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Nasa to encrypt data after its latest laptop loss


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#1 Asrokhel

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Posted 15 November 2012 - 18:11

US space agency Nasa has ordered that the data on all its laptops must be encrypted, after losing another one of its portable computers.

Until the process is complete, it has forbidden staff from removing Nasa-issued laptops containing sensitive information from its facilities.

The order follows the loss of a device containing "sensitive personally identifiable information".

There have been several similar incidents over recent years.

Nasa said the latest incident had occurred on 31 October, when a laptop and documents were stolen from a locked vehicle of one of its employees at Nasa headquarters in Washington DC.

The machine was password protected, but the agency acknowledged that the information might still be accessible to hackers since it was not encrypted.

Encryption would have scrambled the data, requiring a complicated code to make it understandable again.

As a result, Nasa has warned its workers to watch out for bogus messages.

"All employees should be aware of any phone calls, emails, and other communications from individuals claiming to be from Nasa or other official sources that ask for personal information or verification of it," an agency-wide email published by news site Spaceref stated.

"Because of the amount of information that must be reviewed and validated electronically and manually, it may take up to 60 days for all individuals impacted by this breach to be identified and contacted."

Encryption order

As a result of the security breach, Nasa's chief information officer, Linda Cureton, has said that with immediate effect laptops containing information about the following topics could only leave its buildings if the relevant data was encrypted:

* The international sale or transport of weapons, nuclear equipment or other materials that fall under the US's export administration regulations
* Information about Nasa's human resources
* Other "sensitive but unclassified" data

She said that she wanted the maximum possible number of laptops to be encrypted by Wednesday and a target of all laptops a month later. In addition employees have been banned from storing sensitive data on mobile phones, tablets and other portable devices.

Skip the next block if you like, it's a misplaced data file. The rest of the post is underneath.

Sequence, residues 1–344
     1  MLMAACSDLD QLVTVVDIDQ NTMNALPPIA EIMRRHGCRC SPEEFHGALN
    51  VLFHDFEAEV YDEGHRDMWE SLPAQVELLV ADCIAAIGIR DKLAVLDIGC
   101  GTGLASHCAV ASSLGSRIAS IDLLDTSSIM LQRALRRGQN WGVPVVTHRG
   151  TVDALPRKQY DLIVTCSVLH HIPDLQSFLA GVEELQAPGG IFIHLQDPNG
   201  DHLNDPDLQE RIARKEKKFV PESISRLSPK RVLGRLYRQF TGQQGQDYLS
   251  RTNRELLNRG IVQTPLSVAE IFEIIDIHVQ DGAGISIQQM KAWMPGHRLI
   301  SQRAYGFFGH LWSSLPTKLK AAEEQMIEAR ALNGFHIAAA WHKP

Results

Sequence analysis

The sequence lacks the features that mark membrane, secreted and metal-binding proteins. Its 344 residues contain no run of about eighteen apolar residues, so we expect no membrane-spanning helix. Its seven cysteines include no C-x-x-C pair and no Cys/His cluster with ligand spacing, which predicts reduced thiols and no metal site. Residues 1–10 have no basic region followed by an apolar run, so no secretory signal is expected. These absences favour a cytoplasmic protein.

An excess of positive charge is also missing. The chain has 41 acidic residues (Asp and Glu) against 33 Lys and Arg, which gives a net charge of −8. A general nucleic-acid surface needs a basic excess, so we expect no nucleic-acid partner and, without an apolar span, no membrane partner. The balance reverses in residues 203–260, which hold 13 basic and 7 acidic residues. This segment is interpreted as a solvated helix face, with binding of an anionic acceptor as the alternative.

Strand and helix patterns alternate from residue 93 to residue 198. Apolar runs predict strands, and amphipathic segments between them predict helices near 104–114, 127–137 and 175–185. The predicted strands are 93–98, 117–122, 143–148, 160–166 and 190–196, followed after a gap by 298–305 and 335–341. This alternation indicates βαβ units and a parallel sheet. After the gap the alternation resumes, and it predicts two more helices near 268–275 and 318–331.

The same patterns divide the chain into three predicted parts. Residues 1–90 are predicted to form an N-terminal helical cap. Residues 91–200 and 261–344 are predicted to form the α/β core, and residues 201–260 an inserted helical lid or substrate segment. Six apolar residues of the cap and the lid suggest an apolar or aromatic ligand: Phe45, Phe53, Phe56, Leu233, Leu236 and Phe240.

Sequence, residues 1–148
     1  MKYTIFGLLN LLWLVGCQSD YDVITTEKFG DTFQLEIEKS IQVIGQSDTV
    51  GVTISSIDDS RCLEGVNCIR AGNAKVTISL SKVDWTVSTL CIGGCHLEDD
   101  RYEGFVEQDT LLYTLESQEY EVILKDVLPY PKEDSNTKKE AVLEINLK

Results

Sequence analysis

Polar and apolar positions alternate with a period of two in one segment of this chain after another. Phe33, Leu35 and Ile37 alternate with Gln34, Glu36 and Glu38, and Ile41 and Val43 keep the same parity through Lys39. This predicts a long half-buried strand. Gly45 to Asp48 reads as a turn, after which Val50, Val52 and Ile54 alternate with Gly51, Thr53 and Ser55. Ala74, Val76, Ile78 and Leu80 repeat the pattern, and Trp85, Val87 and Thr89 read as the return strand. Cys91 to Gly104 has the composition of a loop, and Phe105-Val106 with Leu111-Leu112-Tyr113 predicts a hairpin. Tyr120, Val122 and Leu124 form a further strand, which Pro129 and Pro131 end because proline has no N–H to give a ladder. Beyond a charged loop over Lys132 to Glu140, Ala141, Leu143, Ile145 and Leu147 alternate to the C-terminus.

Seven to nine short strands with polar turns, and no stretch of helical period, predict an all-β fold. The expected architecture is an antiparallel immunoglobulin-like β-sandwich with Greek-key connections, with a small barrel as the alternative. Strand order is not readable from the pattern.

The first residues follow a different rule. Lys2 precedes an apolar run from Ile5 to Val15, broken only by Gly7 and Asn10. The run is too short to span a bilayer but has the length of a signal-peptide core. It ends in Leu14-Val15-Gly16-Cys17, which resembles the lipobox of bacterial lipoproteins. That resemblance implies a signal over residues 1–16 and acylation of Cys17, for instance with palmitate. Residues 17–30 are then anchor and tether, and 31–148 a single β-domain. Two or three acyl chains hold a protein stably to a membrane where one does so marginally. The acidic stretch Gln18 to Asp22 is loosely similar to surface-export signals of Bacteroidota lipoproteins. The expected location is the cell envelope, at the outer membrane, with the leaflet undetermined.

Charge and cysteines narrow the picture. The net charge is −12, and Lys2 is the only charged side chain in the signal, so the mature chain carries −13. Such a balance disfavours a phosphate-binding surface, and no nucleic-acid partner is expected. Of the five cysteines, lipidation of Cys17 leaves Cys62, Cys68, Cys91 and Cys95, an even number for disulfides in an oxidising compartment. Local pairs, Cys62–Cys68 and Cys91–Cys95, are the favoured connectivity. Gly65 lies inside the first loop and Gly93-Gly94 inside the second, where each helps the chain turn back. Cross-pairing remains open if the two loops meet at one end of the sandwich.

The Nasa Watch blog, which comments on affairs at the agency, had previously criticised it for a series of other data losses.

It noted that the organisation had been warned in 2009 that it was not taking enough steps to sufficiently protect information and had reported the loss or theft of 48 of its mobile computing devices between April 2009 and April 2011.

This is not the first time Nasa has promised action to address the problem.

In March, Nasa administrator Charles Bolden told the House Appropriations Committee Subcommittee on Commerce that that he was going to sign a directive ordering all portable devices to use encryption, after acknowledging the agency was "woefully deficient" when compared to other government departments.












http://www.bbc.co.uk...nology-20343745


#2 Blueclub

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Posted 15 November 2012 - 18:28

It amazes me how many of the US organizations/companies don't encrypt there data (create FDE), heck I only have family pictures and work files that anybody would care less to see, I keep my laptop encrypted even though, so if someone steals, or I lose the laptop somehow my things stay mine (as they are backed up). Its just simple encryption, not a chemistry formula, why would any big organization/company not do it in the first place?

#3 tsupersonic

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Posted 15 November 2012 - 18:31

WAIT, their laptops are not encrypted? WTF? What a terrible move by their IT department! Sounds like they need new IT leadership...

#4 vetneufuse

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Posted 15 November 2012 - 18:34